Susanne Kasielke, Washington, DC
“I am always drawn to the ocean and have dreamed my whole life of a light-filled studio overlooking the sea. I’ve heard of an arts foundation on the Greek island of Skopelos (the island where “Mama Mia” was filmed) that has printmaking facilities and have been thinking and dreaming, for several years now, about wanting to spend time making monoprints there, imagining what it would be like to have uninterrupted time and the luxury of being surrounded by such intensity of color and light. I’d also like to return to Naoshima someday, an island in the middle of the Sea of Japan. It’s an incredible and visually inspiring place that I visited two years ago. The whole island, spectacularly beautiful and pristine, is devoted to the integration of nature, ecology and art. There are three museums on the island, one of which is a hotel, all are filled with contemporary art (as well as a room filled with Monet’s ‘Water Lilies’), and an old fishing village where dilapidated houses have been turned into art pieces. Wouldn’t that be a wonderful place to be able to stay and paint!”
Mary Ann Leff, California
Painting, drawing, collage, monotypes
Mary Ann Leff
“If I would have the chance to travel anywhere, I would certainly visit Mexico and study with Frida Kahlo. Frida is the ‘picture’ of being powerful through her pain, which is also what I am trying to do with my own paintings. I would also like to see France, especially Paris, and discover the reason why almost every artist’s aim is to go there and study. It’s hard to put a limit on where to travel, because I believe that traveling and discovering different countries provides inspiration for any artist’s work, it expands your art world. So probably after visiting the countries I mentioned, I would travel wherever I could to discover more new inspiration.”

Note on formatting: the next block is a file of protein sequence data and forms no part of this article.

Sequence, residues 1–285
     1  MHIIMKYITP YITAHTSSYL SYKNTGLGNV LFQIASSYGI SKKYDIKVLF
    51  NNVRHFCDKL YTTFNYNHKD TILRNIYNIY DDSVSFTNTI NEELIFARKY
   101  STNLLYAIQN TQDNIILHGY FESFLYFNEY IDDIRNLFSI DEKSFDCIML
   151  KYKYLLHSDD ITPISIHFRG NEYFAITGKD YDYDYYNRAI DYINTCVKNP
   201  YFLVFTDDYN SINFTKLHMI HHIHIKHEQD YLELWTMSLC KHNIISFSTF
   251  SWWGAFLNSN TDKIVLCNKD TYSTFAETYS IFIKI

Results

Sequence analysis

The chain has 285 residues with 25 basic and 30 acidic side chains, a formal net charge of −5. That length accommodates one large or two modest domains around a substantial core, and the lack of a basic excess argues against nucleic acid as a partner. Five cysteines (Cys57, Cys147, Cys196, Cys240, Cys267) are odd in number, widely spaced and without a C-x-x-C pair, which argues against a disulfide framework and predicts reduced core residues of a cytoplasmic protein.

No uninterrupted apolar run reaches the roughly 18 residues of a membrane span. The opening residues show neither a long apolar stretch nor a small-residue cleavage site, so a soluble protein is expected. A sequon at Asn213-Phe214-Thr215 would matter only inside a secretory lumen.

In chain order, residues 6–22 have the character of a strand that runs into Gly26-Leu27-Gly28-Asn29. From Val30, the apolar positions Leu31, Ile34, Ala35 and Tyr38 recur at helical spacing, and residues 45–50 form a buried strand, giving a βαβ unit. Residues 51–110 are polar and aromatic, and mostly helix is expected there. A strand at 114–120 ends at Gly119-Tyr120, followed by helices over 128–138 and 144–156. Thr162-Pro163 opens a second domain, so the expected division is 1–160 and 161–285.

Merve Arslan, Turkey (currently in Poland)
Painting, drawing, photography
“I would travel back in time to study under Jan van Eyck, the greatest Flemish painter and said to be the inventor of oil painting. It would have to be during the years that he was working on the ‘Ghent Altarpiece.’ Even if I could only be a ghost in his studio, I would revel at the opportunity to observe his practices. How does he mix his paints exactly? How long does he take to complete a work? Does he stick his brush in his mouth, as so many artists do? Can this type of genius be seen on his face? I could learn a great deal just from observation. I think that I would be so enamored that I would not even be able to speak! And I’d want to know what Jan thinks of female painters!”